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Which is correct:

  1. It's my daughter's, Mary's, birthday.
  2. It's my daughter, Mary's, birthday.
  3. It's my daughter, Mary's birthday.
  4. It's my daughter Mary's birthday.
  • We need a grammar expert because there are three different answers and it is unlikely that all of us are correct. I think I am right about this, but am no grammar guru. So someone who knows should answer please! – WRX Feb 7 '17 at 17:38
  • Why do you put commas in the sentence? Is it requisite? – user48367 Feb 17 '17 at 1:00
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I think this is one of those questions that only an expert can answer. So I asked and @userr2684291 sent me to grammarbook. Thanks!

However, in common usage, we can share what we see . I don't see what a comma adds to any of these examples. Mary + daughter need no separation. They aren't listed. There are no separate thoughts that are being joined.

If today is Mary's birthday, we can say it a few ways.

It is Mary's birthday.

It is my daughter's birthday.

It is my daughter Mary's birthday.

Okay I went and asked. LINK

Rule: When an appositive is essential to the meaning of the noun it belongs to, don’t use commas. When the noun preceding the appositive provides sufficient identification on its own, use commas around the appositive.

Example: My friend Harvey is an animal lover. Explanation: My friend is not a precise identifier because one may have numerous friends.

Example: Harvey, my friend, loves animals. Explanation: Harvey is a precise identifier.

So: It is my daughter Mary's birthday. (You have more than one daughter.)

It is my daughter, Mary's, birthday. (You have only one daughter.)

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  • 1
    Apposition - Wikipedia: A non-restrictive appositive provides information not critical to identifying the phrase in apposition. It provides non-essential information, and the essential meaning of the sentence would not change if the appositive were removed. However, we can't remove the appositive in your last example as we have both an appositive and a possessive. – Mori Feb 12 '17 at 4:29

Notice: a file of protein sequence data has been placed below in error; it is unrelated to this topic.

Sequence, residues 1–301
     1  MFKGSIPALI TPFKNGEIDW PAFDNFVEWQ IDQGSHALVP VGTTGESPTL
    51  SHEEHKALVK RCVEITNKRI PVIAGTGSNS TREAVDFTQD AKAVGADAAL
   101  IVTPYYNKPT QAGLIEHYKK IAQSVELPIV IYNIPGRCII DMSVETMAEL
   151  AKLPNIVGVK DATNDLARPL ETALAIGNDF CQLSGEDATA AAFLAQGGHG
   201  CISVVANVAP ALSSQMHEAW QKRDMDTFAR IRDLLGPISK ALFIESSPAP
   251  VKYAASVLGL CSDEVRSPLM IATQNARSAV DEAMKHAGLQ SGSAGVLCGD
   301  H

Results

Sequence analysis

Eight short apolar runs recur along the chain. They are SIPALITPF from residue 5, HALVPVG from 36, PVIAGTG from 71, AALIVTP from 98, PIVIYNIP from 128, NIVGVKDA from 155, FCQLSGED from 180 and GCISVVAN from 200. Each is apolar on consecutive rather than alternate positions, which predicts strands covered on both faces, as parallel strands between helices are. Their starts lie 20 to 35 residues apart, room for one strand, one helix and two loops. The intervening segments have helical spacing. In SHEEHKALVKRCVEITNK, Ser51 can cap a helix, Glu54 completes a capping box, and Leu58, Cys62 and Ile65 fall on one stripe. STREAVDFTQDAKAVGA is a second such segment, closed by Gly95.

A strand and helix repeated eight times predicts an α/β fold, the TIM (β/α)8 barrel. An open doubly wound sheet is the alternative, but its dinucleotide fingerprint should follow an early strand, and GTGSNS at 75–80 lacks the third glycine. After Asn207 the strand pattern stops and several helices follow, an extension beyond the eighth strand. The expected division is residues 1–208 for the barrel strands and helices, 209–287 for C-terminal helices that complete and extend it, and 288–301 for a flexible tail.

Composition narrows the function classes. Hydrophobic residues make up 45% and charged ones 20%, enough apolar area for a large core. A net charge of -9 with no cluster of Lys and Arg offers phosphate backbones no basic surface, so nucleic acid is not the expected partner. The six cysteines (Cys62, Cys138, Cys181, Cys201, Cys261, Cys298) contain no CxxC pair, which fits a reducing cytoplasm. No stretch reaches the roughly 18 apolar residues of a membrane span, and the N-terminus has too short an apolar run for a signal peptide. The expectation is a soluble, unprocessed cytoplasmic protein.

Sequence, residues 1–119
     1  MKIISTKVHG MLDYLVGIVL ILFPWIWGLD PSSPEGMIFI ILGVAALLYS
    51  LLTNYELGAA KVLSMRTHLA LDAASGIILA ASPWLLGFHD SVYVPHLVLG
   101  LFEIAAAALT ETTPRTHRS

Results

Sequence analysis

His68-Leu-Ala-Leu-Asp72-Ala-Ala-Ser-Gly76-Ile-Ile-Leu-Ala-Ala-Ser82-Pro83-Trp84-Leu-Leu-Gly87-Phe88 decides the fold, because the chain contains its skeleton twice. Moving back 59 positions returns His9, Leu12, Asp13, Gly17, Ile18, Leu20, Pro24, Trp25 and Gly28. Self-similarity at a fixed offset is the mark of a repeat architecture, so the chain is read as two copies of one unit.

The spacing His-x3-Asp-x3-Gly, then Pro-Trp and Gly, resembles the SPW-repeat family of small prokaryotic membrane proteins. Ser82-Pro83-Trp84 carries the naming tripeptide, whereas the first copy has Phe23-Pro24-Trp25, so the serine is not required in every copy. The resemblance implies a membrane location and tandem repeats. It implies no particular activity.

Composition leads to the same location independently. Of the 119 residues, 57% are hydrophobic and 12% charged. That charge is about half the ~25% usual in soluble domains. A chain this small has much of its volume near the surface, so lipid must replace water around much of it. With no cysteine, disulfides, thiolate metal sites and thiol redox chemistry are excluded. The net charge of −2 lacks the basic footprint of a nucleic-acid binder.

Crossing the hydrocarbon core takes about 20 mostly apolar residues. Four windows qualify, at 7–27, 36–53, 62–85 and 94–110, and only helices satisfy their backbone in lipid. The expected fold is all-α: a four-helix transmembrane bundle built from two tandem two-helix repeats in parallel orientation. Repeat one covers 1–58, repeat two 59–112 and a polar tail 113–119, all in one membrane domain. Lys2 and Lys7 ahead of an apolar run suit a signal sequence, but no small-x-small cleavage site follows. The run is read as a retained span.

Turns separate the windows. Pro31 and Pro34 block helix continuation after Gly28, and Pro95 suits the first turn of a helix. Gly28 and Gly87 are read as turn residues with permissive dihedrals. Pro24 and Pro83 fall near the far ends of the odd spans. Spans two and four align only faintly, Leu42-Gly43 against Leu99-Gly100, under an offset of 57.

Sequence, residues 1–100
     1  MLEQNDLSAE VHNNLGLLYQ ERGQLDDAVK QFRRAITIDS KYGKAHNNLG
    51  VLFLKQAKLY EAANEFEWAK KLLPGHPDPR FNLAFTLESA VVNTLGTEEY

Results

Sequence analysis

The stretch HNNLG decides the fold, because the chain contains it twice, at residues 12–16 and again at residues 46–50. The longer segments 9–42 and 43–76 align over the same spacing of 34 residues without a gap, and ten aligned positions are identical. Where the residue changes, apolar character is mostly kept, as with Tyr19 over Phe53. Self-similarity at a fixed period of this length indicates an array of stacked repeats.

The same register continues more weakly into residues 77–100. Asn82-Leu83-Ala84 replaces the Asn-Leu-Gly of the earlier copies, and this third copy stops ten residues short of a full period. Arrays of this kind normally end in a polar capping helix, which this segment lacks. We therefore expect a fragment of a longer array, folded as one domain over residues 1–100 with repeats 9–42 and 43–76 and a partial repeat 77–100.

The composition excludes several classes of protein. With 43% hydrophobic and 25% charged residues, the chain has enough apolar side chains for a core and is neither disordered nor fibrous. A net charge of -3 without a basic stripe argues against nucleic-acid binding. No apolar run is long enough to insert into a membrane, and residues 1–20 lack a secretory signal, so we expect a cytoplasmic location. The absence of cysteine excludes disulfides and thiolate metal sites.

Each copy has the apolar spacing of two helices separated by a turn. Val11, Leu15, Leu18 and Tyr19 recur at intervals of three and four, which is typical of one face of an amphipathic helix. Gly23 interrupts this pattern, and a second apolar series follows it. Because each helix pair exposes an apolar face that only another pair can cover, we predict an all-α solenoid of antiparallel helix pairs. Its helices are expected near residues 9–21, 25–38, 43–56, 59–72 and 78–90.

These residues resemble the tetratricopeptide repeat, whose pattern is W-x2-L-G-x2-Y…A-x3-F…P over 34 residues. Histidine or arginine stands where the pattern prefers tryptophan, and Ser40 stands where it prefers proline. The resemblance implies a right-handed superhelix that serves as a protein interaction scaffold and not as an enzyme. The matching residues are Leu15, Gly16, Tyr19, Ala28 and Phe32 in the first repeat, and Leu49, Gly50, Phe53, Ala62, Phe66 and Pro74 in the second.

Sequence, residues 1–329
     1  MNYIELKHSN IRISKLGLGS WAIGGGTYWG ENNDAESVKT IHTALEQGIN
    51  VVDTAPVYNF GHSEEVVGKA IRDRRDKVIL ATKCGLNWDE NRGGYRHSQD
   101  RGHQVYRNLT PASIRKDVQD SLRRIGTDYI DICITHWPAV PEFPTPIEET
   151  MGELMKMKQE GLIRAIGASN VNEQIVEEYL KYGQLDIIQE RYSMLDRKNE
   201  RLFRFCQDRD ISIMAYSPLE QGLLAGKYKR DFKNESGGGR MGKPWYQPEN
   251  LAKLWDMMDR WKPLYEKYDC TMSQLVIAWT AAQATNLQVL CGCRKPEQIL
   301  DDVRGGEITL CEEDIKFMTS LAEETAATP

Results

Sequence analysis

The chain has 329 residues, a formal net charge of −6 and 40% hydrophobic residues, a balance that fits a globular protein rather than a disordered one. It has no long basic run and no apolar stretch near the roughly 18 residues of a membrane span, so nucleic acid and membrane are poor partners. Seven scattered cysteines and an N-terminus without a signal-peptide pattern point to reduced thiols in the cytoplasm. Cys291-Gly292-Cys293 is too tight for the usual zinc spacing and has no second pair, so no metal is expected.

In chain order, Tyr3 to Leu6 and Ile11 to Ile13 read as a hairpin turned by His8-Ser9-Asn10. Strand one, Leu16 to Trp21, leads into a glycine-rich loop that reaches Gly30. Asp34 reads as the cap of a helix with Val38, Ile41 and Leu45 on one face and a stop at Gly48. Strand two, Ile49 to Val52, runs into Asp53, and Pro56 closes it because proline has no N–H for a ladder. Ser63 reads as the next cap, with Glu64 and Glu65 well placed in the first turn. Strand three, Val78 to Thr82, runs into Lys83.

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The first one because the name is an optional information so you need to mark it off and your sentence has to make sense without it, too, hence you need the possessive 's with the word daughter.

It's my daughter's, Mary's, birthday.
It's my daughter's birthday.

Although personally I'd use em dashes here to avoid having commas so close to apostrophes.

It's my daughter's—Mary's—birthday.

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  1. It's my daughter's, Mary's, birthday. <- This one is wrong. It's either "my daughter's birthday" or My daughter Mary's birthday - never "My daughter's Mary's."

  2. It's my daughter, Mary's, birthday. <- This might not be technically wrong, but it is very awkward.

  3. It's my daughter, Mary's birthday. <- This is wrong. It's two unrelated phrases when you put the comma there "It's my daughter" and "Mary's birthday."

  4. It's my daughter Mary's birthday. <- This is the most natural. This is how I would write it.

For what it's worth, I'm a native speaker and a Librarian.

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It should be "It's my daughter's, Mary's, birthday."

Commas

Rule 6. If something or someone is sufficiently identified, the description that follows is considered nonessential and should be surrounded by commas.

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    Not necessarily. If the speaker had more than one daughter, then they have NOT been sufficiently identified, and it is not non-essential. Also, two possessive s's is incorrect. – Harukogirl Feb 16 '17 at 23:44
  • @Harukogirl "I am going to my Father's friend's house." I don't think this is incorrect use of two possessives. Despite they came in a row. And, could you please explain why my answer was down-voted and not of Korin's? – Ahmbro Dude Feb 21 '17 at 4:43
  • No idea - I didn't down vote anything :) – Harukogirl Feb 24 '17 at 9:10
  • @Harukogirl - Could you please explain "Also, two possessive s's is incorrect" ? – Ahmbro Dude Feb 24 '17 at 9:16

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